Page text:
KK: I think at the end he has some. I think we should redeem him at the end in some way.
GC: OK, we have ten days.
KJ: I was going to say you have ten days to write that. [laughter]
BL: So I can’t believe Kat hasn’t thanked you guys yet for putting Natasha Negovanlis in the floppy hat in episode nine. I’ve been waiting for that.
KJ: I’ve been trying to keep that/
BL: /You’ve done really well. I know, I just called you out. I’m sorry. [laughter]
KJ: It’s OK. I mean I had never watched a webseries before. I didn’t even know that was a thing. Honestly, I feel like someone who is ancient or archaic or so out of touch. But literally I just didn’t know that there was tons of new content that was being made and that there are rabid fans. And then I started watching Carmilla, and then of course fell in love with – how could you not – gay vampire. I don’t even know what there isn’t to love. And then Bridget was like oh, you have to watch Barbelle. I remember I watched the preview, the little snippet, and I saw Natasha Negovanlis is in it and I was like yes! And she’s wearing a floppy hat. And I swear she looks exactly like this woman. This entire band, they’re called Black Belles…they have an album cover and they’re wearing all these big floppy black hats. It was just a dream for me. It was as if Natasha was in Black Belles.
KK: Oh yes.
KJ: Anyhow this woman, this band Black Belles, I will get into it just for one second…the singer is on tour right now with Jack White.
KK: I was going to say, I thought, isn’t Jack White somehow involved with that band?
KJ: Yeah, that’s his band. And Olivia Jean is the woman. She can play every instrument and she’s gorgeous. The music is just awesome. I don’t know how we got onto that, but there you go. Floppy hat. Thank you for putting Natasha in that and having her slap you around Karen.
VA: That was a great episode.
KK: Slapping around. That was definitely Gwen’s idea. That was definitely not my idea. [laughter]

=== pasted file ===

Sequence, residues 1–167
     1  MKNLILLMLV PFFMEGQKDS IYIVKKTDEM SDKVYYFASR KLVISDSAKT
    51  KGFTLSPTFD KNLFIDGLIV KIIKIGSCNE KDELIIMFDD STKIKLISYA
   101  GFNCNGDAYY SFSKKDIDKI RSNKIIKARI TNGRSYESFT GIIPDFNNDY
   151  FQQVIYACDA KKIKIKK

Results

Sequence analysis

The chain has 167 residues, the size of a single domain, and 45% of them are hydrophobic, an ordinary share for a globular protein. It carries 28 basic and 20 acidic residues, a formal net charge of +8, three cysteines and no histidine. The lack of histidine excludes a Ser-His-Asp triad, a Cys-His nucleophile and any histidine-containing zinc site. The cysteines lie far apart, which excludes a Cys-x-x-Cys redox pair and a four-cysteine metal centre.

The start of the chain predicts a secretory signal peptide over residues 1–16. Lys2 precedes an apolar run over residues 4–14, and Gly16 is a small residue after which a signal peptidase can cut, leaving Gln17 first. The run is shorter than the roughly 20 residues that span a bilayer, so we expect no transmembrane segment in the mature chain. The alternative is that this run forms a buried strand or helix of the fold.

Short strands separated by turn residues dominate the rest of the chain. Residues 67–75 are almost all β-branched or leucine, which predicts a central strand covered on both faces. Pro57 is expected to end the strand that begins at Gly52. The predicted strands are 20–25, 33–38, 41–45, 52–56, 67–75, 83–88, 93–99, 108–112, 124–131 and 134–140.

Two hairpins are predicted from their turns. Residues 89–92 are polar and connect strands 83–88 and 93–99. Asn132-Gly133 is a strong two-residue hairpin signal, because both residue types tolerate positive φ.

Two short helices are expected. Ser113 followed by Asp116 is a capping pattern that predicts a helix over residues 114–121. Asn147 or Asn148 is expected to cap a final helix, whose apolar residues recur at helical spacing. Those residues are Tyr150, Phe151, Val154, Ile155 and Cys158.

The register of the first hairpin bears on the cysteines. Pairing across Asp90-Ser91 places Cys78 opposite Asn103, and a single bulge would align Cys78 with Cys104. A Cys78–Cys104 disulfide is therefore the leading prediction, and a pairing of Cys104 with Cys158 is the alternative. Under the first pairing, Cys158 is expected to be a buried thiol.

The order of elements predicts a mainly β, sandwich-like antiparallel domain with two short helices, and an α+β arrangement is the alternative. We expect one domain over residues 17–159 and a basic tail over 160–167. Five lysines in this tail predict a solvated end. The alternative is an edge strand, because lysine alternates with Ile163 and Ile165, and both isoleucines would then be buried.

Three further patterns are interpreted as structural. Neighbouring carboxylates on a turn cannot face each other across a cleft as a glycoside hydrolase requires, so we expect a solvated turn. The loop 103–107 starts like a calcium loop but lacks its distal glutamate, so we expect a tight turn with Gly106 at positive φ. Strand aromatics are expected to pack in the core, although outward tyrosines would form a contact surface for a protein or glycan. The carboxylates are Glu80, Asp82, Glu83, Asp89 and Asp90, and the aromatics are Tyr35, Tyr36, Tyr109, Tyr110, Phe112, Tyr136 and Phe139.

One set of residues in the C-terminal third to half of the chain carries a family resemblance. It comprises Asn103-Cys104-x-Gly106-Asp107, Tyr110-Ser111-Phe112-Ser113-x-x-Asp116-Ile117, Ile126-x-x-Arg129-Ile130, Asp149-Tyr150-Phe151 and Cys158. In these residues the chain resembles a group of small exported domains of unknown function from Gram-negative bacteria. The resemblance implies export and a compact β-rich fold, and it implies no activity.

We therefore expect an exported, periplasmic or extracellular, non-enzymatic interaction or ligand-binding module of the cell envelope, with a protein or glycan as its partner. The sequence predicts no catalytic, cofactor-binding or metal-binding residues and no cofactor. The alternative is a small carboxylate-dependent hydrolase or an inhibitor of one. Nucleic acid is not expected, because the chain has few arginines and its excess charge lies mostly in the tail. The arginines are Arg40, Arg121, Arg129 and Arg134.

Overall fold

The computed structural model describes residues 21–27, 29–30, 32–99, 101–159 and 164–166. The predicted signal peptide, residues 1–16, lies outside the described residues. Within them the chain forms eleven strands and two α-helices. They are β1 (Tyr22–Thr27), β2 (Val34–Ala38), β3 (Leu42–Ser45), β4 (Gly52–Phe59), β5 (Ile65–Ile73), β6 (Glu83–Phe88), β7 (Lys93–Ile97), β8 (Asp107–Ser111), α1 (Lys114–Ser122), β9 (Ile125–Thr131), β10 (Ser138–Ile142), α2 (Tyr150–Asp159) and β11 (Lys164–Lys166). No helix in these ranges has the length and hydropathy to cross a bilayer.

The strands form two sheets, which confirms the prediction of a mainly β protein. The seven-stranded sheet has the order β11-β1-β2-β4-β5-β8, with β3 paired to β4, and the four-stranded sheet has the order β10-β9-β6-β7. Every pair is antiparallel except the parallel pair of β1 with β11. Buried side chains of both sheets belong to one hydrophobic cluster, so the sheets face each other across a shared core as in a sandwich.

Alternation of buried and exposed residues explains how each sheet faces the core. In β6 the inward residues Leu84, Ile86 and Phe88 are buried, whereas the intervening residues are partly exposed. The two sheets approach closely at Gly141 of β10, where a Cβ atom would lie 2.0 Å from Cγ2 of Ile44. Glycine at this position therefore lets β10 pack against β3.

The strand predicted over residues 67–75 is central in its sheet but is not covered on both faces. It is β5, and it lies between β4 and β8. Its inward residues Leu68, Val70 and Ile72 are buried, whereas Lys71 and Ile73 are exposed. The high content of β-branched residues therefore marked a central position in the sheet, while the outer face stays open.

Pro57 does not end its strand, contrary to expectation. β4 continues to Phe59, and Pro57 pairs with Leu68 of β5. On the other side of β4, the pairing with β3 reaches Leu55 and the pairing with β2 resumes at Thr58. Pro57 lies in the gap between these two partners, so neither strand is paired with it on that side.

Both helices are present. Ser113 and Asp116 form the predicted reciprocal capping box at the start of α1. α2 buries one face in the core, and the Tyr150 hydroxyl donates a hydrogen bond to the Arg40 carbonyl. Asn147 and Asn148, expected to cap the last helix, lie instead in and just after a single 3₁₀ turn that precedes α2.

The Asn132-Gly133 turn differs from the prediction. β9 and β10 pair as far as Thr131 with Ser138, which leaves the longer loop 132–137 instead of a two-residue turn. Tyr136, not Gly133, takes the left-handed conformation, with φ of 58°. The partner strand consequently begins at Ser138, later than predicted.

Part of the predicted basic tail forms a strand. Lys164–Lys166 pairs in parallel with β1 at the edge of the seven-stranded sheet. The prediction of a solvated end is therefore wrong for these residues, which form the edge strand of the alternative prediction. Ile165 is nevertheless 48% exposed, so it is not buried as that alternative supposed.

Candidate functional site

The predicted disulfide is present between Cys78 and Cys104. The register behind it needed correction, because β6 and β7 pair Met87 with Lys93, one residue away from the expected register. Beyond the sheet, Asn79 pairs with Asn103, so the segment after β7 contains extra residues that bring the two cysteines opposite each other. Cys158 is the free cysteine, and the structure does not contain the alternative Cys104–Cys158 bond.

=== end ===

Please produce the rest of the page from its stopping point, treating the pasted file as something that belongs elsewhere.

GC: It was. And I thought it was a really fun device for time travel. Little did I realize I accidentally stole it from a Matthew McConaughey movie.
GC: Yes, which is eerily similar to Natasha’s name in Barbelle. It’s called Ghosts of Girlfriends Past, I’m pretty sure.
KK: This is like the second time in a week where I think I have a great idea for a new tv series or movie, and then it’s a romcom from the early 2000’s and I’m like what? No! Ashton Kutcher and Bernie Mac already did that?! I’m like that’s not fair, that was my idea. [laughter] It’s like the romcoms they just snap up all the good ideas and then make them into shitty romcoms. And you’re like I can’t do an arthouse version of this, it’s already been done by Ashton Kutcher in the early 2000’s. [laughter]
KJ: But you did it.
VA: I mean, Ashton Kutcher and Justin Timberlake came out with the same exact movie in the same summer, so I feel like you can definitely do it better.
KK: Which movie was that?
VA: It was the one that was like…one of them was called Friends With Benefits and the other one was No Strings Attached. It was the same concept of a guy and a girl trying to figure out if they could hook up without being in a relationship.
KJ: There were two movies about volcanoes too in one year, so. [laughter]
KK: Are you talking about Dante’s Peak?
KJ: Dante’s Peak and the other one with Tommy Lee Jones which I cannot remember the name of. I saw both.
KK: I always mix up The Prestige and The Illusionist. I guess if something’s a hot button issue, you just want to make a movie out of it.
VA: Yeah, like Ghosts of Girlfriends Past is just, it’s eternal.
KK: Yeah, a hundred percent. I guess we did the gender spin on it too. We were just following the big Hollywood trends.
GC: From 2009. [laughter]
KK: A little late to the party.
BL: I think we would all be here if you want to redo all those movies and cast female leads instead. Valerie was talking about how someone should redo Indiana Jones with a woman, and that was all we could think about then, so.
VA: Nostalgia’s really in right now.